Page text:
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10 years after introducing 43 Things to the world, we have decided we have met our last goal: completing the incredible experience that has been 43 Things. Please join us in giving one last cheer to all the folks who have shared their goals with the world, as well as all the people who have worked at The Robot Co-op to build this incredible website. We won a Webby Award, published a book, and brought happiness to a lot of people.

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heybone111 Fall pledge - Lose weight, lose weight, lose weight

"Take more"/ Back Road, Over Night trips, with the motorcycles (read all 3 entries…)
We just got back - Trip # 1

My husband and I decided to take the motorcycles on a trip from Ann Arbor, to New Buffalo July 10 and 11. New Buffalo is a marina town on Lake Michigan. We took Michigan Ave, west 190 miles until we hit lake Michigan. New Buffalo is about an hour and a half from Chicago, and 5 miles from the Michigan/Indiana boarder. We rode about 10 hour’s each day. When we reached New Buffalow, we ate dinner, spent the night, had breakfast, then rode “US 12” home. (We crossed the Michigan/Indiana boarder just to say we did)
Taking the back roads, and skipping the freeways.
We really enjoyed the ride, and I found out first hand, the good and the bad choices I made on some of my gear”! “TIP”...
Be sure” you can get your rain pants on “over your boots”!

Side Bar – A little History:
Old U.S. 12 in Michigan runs from downtown Detroit to Chicago. It was replaced by Interstate 94 in 1962, and the state of Michigan re-routed the U.S. 12 designation to the former route of U.S. Highway 112.

It was an old highway that ran through the middle of the major towns and cities of Michigan between Detroit and Chicago. In most cases the road is still there, and is named either Michigan Avenue, Old U.S. 12 or the Red Arrow Highway, named after the 32nd Infantry Division2. It is still possible to drive the highway from downtown Detroit all the way to The Magnificent Mile in Chicago, with only a few places in which one is required to navigate around the interstate highway. The major break in Old U.S. 12 is in the middle of Michigan half way between the village of Parma and the city of Albion. It is at this point that I-94 cuts south to some degree and bisects the old highway, forcing a motorist to navigate north on smaller roads.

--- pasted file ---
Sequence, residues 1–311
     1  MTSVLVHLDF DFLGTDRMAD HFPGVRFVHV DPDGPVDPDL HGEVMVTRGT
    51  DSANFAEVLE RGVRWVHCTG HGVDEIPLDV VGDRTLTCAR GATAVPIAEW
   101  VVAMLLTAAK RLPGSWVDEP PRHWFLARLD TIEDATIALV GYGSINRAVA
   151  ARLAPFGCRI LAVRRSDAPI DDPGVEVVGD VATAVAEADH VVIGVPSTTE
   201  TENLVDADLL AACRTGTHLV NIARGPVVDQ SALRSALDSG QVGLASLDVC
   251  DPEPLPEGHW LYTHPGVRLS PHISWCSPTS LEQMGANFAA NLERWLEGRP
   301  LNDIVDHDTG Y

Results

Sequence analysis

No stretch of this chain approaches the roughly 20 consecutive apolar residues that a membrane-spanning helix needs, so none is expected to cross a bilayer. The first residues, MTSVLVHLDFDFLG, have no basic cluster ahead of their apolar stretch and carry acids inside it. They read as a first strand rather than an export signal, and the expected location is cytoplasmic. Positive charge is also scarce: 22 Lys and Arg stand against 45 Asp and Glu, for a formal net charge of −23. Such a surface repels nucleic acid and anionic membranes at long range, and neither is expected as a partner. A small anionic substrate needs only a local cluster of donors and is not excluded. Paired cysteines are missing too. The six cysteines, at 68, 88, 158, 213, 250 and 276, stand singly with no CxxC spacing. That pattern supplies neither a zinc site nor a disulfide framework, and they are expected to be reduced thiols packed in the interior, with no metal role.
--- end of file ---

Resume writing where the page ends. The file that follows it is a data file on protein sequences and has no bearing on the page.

Prior to 1956, the Detroit-Ann Arbor segment of U.S. 12 was routed directly through Ann Arbor, through Plymouth Township, Livonia, and Redford Township, into Detroit, along the Plymouth-Ann Arbor Road corridor to Plymouth Road’s eastern terminus at U.S. 16, Grand River Avenue. U.S. 12 continued on Grand River Avenue, co-signed with U.S. 16, into downtown Detroit. Except for the co-signed Grand River Avenue segment, this route was designated as M-14 when U.S. 12 was rerouted to the Detroit Industrial and Willow Run Expressways, which became I-94 in 1962.

The highway is considered an important historic road like Route 66. Some of it had been the original Territorial Road of Michigan laid out in the early 1800s.

Michigan Avenue is one of the major pre-interstate roads of the state of Michigan. Running through the state east to west, it follows the former course of old US 12 which itself followed the earlier military territorial highway, the Chicago Road. Today the Michigan Avenue name follows a discontinuous route: from downtown Detroit to Hayes State Park in Lenawee County it follows the current route of US 12. West of this on the current US 12, the Michigan Avenue name is dropped and the road is known as simply “US 12” (west of the junction with US 127 the road is also known as “Chicago Road”).

From the eastern Jackson County boundary west to Battle Creek, it mostly follows the route of old US 12, although it has been routed over newer roads in places where I-94 was built over the former US 12. The Michigan Avenue designation ends on the west side of Kalamazoo, near US 131, and reappears only within the village of Paw Paw.


That sounds wonderful!!

I wish I could remember the entire anagram my wife made up one day (she can’t remember it all either) but one day she told me that I had “BORED STIFF” syndrome. (Bikers Open Road Experience Deprivation…) It was wonderful to read your trip. Even if we are not riding we can enjoy the rides of others.

heybone111 Fall pledge - Lose weight, lose weight, lose weight

Thank's (Haven't herd from you much lately)

“It was a lot of fun”. “We have managed to do quite a bit of riding this season”. Lot’s of 5 & 6 hour rides.
Yea, that “bored stiff syndrome”, can really get you down. Too bad you never got to go on your Key west trip. At least you still have the whole fall/winter season to ride. Michigans riding season will be over by the end of October.

I haven't even fired up my bike

in over 2 months. The weather is just too darn hot and rainy. When fall gets here I am looking froward to riding some more.

heybone111 Fall pledge - Lose weight, lose weight, lose weight

"Wow" Two months

“You do need a road trip”! I know it’s hot, but you could leave about 5 AM, and get out of Florida before it got too hot. (Maybe) Although I don’t know how far down you are. Then do a trip up the coast. It would get cooler as you went.
One day, I’m going to get my husband to do a coastal trip with me. I have never seen any of the states along the coast. I would skip all the north eastern states though, and start in Virginia and end with Alabama.

I am still wanting to do they Keys

but that will just have to wait until the fall. Just getting out of FL can be a full day ride. Much of west Florida’s “coastal” highways are so far away from the gulf that you can not even tell you are riding the coast.


I want to:
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